Ropa Vieja: How Cuba Stole Its National Dish From the Canary Islands

Classic car with Cuban flag | © flunkey0 / Pixabay
Classic car with Cuban flag | © flunkey0 / Pixabay
Everywhere you go in Cuba, you will find a dish called ropa vieja on the menu. There’s a tale behind this tasty meal, read on to find out more.
Ropa vieja © Ron Dollete / Flickr

Better than it sounds

While it translates as old clothes, the reality is a lot tastier than the name would suggest. The dish is made of shredded beef with peppers and onions in a tomato sauce, often served with white rice.

Ropa vieja stakes a claim to be Cuba’s national dish, but the whole history of the food is slightly more complicated, with roots in the colonial period. As the Spanish conquistadors set out to conquer Latin America, they brought their favourite foods with them.

Cuban flag © lloydbyron / Pixabay

In the case of Cuba, a lot of the new Spanish arrivals hailed from the Canary Islands, where ropa vieja had long been a popular dish. After they settled in Cuba, these colonizers continued to cook ropa vieja. The tradition has lasted for generation after generation, and now Cubans regard ropa vieja as a national dish.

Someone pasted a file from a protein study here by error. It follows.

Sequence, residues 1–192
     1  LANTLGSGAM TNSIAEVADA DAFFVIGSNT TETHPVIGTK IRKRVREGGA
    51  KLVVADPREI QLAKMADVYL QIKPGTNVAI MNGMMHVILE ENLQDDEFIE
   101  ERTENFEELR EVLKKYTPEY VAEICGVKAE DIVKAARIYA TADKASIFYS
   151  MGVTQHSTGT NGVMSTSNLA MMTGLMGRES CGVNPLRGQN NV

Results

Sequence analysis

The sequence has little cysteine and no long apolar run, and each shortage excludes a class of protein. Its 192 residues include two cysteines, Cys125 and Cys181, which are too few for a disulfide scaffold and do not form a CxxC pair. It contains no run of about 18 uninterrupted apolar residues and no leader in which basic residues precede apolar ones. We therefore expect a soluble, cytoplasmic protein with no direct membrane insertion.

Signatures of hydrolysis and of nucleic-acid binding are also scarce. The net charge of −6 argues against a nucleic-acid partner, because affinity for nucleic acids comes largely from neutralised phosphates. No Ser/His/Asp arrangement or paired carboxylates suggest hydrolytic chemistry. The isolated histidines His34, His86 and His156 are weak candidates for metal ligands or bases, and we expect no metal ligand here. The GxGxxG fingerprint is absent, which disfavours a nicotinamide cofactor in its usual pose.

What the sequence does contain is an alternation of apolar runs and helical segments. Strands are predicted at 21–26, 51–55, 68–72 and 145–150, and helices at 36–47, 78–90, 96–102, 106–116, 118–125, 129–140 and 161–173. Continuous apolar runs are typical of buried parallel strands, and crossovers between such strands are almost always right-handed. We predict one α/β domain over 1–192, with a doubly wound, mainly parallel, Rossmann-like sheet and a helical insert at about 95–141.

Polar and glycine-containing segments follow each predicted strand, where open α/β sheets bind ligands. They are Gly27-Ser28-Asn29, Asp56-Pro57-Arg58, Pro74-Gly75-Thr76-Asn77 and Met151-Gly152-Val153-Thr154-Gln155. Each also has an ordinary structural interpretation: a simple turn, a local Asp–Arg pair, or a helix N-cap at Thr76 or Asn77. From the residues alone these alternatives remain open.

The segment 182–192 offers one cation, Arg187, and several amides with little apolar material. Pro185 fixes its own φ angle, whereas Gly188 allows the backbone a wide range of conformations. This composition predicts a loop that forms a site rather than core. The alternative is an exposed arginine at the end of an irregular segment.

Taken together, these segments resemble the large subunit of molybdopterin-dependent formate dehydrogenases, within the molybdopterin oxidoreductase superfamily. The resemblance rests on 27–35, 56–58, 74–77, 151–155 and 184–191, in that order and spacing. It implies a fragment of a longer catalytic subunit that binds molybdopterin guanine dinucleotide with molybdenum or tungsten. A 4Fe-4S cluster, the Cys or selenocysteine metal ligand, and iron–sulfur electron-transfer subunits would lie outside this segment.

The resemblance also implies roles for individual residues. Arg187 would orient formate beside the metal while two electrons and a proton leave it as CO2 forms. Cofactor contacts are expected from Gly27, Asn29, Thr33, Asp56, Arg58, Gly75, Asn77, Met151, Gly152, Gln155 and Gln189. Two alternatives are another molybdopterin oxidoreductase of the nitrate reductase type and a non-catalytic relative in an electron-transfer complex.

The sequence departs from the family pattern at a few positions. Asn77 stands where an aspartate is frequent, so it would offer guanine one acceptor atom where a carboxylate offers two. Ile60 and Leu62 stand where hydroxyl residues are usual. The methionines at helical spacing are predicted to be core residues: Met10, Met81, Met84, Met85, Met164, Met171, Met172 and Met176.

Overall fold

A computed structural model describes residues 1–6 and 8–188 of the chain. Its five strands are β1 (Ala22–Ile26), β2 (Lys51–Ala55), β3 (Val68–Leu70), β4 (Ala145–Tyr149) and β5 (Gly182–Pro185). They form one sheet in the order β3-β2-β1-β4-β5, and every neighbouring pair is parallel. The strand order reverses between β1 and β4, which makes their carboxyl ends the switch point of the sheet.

Chalk sign © Gozamos / Flickr

Miraculous history

The geographical journey might be easy enough to trace, but the story of its invention requires a little more imagination. The legend of ropa vieja is that a man didn’t have any money to feed his family, so he shredded and cooked his clothes. As the mixture bubbled away, he started to pray, and the clothes turned into a meat stew that he could give to his family. Believe it or not, it makes a great story.

Variations found across the Caribbean

At the same time it’s important to note that ropa vieja isn’t only found in Spain and Cuba. Colonizers from the Canary Islands also settled in other parts of the Caribbean, perhaps explaining why today slightly different versions of ropa vieja are also found in Puerto Rico and the Dominican Republic.

Look out for the delicious dish on your trip to Cuba, and make sure to share its history with your friends.